On-line selling; the rights and wrongs
- June 19, 2020
- Jonathan Earl
- Comments Off on On-line selling; the rights and wrongs
Following a surge in online selling during the COVID pandemic, sales seem to be plateauing. Despite recent events selling online had become an integral part of the retail experience. This had caused increased rights and legal issues for the consumer and the vendor.
Irish consumers spent €5 billion online in 2017, with €3 billion of that going to on-line retailers abroad. This is according to the Consumer Market Monitor (CMM), published by the Marketing Institute of Ireland and UCD Michael Smurfit Graduate Business School. This represents 13% of retail sales. According to AIB Bank figures this increased to 14% in 2018.
Shopping online offers great choice, value and convenience, but the concerns remain that you do not have the same consumer rights when shopping online as you do when buying on the high street.
The truth is, in a lot of cases, your rights are even stronger once you buy within the EU. If you buy something online in the EU, you are covered by consumer legislation just as if you buy it in person in a store. Irish consumers are protected by the Sale of good and supply of services act 1980.
If you shop from websites based outside the EU your European consumer rights will not apply and you may face unexpected customs and tax bills.
EU online shoppers enjoy a range of rights under EU consumer legislation including a cooling-off period, which gives you the freedom to change your mind after you have made a purchase. These rules don’t just apply to online shopping but also cover other distance purchases, such as those placed by phone or mail order.
What are your rights when shopping on-line?
The right to change your mind.
When you shop online you have the right to a “cooling-off” period of 14 calendar days where you can withdraw from the contract and return your purchases to the seller. You do not have to give any reason but bear in mind you may have to pay for the cost of returning the goods.
The right to clear information.
EU online sellers must provide you with detailed information, including their contact details, the main characteristics of the product or service and the total cost of the product, including all taxes and delivery charges.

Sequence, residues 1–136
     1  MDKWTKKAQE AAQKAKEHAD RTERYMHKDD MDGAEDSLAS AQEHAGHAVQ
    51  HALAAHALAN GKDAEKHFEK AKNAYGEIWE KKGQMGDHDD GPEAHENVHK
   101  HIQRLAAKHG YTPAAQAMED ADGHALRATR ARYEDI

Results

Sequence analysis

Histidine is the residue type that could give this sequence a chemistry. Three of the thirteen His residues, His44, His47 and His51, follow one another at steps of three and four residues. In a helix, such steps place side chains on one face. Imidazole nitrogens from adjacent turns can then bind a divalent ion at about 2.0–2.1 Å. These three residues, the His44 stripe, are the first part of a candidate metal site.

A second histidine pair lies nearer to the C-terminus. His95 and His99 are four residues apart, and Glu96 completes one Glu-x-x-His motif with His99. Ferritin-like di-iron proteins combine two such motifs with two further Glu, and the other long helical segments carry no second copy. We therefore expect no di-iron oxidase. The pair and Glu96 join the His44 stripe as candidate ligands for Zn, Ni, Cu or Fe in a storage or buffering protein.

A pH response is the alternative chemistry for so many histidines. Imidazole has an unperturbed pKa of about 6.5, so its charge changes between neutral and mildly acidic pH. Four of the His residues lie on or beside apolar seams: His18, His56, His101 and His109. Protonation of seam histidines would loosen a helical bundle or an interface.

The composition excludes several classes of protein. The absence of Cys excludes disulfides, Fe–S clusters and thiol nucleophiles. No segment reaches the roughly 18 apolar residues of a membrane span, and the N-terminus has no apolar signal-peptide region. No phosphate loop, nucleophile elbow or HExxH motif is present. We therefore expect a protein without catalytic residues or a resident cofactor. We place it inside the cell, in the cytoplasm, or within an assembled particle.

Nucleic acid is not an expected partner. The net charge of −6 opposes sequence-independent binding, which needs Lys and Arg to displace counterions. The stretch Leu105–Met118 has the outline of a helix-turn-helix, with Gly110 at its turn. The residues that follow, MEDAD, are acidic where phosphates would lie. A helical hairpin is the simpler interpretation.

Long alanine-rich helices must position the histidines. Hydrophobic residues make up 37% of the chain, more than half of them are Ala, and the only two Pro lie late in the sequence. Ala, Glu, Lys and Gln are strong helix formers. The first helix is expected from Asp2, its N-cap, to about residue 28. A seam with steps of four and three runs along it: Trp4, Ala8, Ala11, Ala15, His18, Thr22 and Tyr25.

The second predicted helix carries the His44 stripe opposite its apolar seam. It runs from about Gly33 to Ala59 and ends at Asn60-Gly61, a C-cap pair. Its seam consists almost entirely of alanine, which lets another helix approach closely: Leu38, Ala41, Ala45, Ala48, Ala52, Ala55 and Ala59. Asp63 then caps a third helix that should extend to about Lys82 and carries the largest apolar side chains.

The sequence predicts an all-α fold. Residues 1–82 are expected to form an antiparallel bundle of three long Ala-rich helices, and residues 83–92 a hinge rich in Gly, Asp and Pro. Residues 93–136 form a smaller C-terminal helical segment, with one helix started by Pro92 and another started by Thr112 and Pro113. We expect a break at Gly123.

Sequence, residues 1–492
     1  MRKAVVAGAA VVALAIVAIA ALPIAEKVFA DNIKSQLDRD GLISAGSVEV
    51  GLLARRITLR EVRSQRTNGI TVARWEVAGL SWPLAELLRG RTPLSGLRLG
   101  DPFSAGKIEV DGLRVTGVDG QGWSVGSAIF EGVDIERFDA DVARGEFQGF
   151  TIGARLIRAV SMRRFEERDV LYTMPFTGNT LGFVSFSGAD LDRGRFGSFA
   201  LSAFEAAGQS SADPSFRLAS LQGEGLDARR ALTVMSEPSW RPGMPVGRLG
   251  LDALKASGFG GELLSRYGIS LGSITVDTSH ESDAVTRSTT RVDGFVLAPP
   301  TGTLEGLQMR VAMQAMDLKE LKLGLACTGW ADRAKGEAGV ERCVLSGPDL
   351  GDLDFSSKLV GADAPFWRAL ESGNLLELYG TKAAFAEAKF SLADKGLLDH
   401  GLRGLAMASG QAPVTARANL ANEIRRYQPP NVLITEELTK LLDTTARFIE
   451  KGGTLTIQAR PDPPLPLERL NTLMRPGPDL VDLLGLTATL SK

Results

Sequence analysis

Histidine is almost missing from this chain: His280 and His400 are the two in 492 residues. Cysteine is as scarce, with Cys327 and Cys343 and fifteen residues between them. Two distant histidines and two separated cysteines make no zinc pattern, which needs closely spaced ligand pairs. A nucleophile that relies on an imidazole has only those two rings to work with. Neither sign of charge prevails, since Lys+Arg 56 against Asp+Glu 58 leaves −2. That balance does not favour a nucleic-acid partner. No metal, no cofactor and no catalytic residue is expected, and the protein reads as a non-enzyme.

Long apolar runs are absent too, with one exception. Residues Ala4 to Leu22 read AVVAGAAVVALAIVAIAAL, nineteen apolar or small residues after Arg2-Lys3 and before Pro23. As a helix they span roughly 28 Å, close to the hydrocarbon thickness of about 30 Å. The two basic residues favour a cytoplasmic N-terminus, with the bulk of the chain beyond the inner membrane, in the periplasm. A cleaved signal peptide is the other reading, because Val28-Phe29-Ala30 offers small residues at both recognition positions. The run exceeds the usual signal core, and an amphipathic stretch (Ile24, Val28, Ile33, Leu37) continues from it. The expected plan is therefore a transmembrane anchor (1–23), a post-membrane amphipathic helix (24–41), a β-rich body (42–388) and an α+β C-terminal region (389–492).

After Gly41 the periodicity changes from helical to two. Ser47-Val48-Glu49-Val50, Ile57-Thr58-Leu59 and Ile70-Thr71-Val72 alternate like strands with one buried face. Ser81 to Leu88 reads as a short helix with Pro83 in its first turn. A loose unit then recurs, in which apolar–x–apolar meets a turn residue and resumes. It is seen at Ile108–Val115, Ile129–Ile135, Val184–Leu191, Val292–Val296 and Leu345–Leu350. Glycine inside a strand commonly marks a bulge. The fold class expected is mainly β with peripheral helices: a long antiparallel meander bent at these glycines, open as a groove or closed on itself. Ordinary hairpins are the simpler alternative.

The express right to refund for delayed or non-delivery.
Your purchase should be delivered within 30 days unless you agree otherwise with the seller.
Right to redress in case of faulty goods.
If an item you bought online turns out to be faulty or not as advertised, you have the same legal rights as if you had bought it in person in a store.
When are you not protected by consumer law?
If you are purchasing goods from a private individual rather than a company, the transaction is not covered by consumer legislation. A ‘consumer’ transaction involves a private individual buying goods or services from a seller acting in the course of his business, trade or profession; as opposed to two individuals acting in a private capacity.
Consumers should also bear in mind that if you buy from a trader based outside the EU/EEA, European consumer legislation may not be applicable. Under European legislation traders are required to indicate their geographic address on the website.
What if things go wrong?
Further information on your rights when goods are faulty is available on the Competition and Consumer Protection Commission’s website.
If you are not satisfied with the seller’s response you may be able to take a claim to the Small Claims Court.
If you made your purchase using your debit or credit card you may be able to get your bank or credit card company to reverse the transaction. This is called a chargeback. You should contact your card provider as soon as possible. Give them details of the transaction you are disputing and request that they follow it up. Most card schemes offer full chargeback rights to consumers, but with some debit cards schemes you cannot use the chargeback facility if you did not receive the goods. Further information on chargeback is available on the Competition and Consumer Protection Commission’s website.
NB – This is a guide for information purposes only and does not constitute legal advice. If you have an issue requiring legal advice, please contact any of the team at Nolan Farrell & Goff, whose numbers can be found on our website, www.nfg.ie